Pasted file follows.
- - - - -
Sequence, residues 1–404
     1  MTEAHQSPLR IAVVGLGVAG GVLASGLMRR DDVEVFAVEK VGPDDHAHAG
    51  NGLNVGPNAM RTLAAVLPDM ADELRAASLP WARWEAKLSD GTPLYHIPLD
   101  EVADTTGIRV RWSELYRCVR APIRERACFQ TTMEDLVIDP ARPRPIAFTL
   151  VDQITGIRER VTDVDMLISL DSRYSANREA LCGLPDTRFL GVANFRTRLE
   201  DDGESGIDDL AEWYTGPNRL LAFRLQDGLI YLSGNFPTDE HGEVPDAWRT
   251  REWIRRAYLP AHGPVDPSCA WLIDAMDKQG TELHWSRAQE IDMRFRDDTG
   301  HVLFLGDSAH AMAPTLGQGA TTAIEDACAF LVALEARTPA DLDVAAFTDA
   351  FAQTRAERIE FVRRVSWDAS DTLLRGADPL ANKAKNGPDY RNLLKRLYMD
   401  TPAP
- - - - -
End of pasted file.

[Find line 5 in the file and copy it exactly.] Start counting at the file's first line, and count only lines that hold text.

   151  VDQITGIRER VTDVDMLISL DSRYSANREA LCGLPDTRFL GVANFRTRLE